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PLoS One. 2014 Jan 20;9(1):e84972. doi: 10.1371/journal.pone.0084972. eCollection 2014.

Plasma selenium biomarkers in low income black and white americans from the southeastern United States.

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  • 1Department of Internal Medicine, Meharry Medical College, Nashville, Tennessee, United States of America.
  • 2Division of Gastroenterology, Hepatology, and Nutrition, Department of Medicine, Vanderbilt University School of Medicine, Nashville, Tennessee, United States of America.
  • 3Department of Public Health, Health Administration and Health Sciences, Tennessee State University, Nashville, Tennessee, United States of America.
  • 4Department of Population Health, Metro Public Health Department, Nashville, Tennessee, United States of America.
  • 5Department of Psychology, Vanderbilt University, Nashville, Tennessee, United States of America.
  • 6Department of Medicine, Vanderbilt University School of Medicine, Nashville, Tennessee, United States of America.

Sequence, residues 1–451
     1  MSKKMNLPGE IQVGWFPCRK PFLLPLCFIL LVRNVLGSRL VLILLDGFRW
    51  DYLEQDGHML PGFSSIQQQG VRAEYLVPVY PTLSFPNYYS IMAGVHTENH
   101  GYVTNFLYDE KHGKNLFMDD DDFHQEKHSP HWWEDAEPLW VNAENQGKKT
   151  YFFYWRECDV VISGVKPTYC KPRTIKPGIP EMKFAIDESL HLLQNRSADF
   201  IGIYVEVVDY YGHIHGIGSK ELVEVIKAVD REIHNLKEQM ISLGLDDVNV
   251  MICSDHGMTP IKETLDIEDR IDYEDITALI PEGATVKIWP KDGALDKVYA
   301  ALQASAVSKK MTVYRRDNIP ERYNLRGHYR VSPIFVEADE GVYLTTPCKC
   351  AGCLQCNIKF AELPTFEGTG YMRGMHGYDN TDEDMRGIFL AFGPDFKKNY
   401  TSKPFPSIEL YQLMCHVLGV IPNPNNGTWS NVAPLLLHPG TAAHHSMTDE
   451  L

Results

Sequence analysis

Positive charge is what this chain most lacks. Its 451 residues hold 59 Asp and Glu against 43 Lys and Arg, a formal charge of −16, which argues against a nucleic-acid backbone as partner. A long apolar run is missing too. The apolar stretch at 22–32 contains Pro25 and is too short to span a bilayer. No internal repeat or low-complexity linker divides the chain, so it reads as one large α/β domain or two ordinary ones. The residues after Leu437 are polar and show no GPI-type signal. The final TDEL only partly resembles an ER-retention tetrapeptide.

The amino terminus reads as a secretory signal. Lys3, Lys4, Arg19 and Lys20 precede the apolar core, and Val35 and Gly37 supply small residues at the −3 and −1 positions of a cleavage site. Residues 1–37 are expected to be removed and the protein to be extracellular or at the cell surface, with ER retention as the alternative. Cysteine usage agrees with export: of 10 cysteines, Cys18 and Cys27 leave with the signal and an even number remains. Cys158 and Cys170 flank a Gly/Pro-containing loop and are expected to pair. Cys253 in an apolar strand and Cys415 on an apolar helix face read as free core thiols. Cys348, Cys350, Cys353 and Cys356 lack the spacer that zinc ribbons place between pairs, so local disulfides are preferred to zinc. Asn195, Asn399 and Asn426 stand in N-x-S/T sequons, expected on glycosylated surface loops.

Biomarkers of selenium are necessary for assessing selenium status in humans, since soil variation hinders estimation of selenium intake from foods. In this study, we measured the concentration of plasma selenium, selenoprotein P (SEPP1), and glutathione peroxidase (GPX3) activity and their interindividual differences in 383 low-income blacks and whites selected from a stratified random sample of adults aged 40-79 years, who were participating in a long-term cohort study in the southeastern United States (US). We assessed the utility of these biomarkers to determine differences in selenium status and their association with demographic, socio-economic, dietary, and other indicators. Dietary selenium intake was assessed using a validated food frequency questionnaire designed for the cohort, matched with region-specific food selenium content, and compared with the US Recommended Dietary Allowances (RDA) set at 55 µg/day. We found that SEPP1, a sensitive biomarker of selenium nutritional status, was significantly lower among blacks than whites (mean 4.4 ± 1.1 vs. 4.7 ± 1.0 mg/L, p = 0.006), with blacks less than half as likely to have highest vs. lowest quartile SEPP1 concentration (Odds Ratio (OR) 0.4, 95% Confidence Interval (CI) 0.2-0.8). The trend in a similar direction was observed for plasma selenium among blacks and whites, (mean 115 ± 15.1 vs. 118 ± 17.7 µg/L, p = 0.08), while GPX3 activity did not differ between blacks and whites (136 ± 33.3 vs. 132 ± 33.5 U/L, p = 0.320). Levels of the three biomarkers were not correlated with estimated dietary selenium intake, except for SEPP1 among 10% of participants with the lowest selenium intake (≤ 57 µg/day). The findings suggest that SEPP1 may be an effective biomarker of selenium status and disease risk in adults and that low selenium status may disproportionately affect black and white cohort participants.

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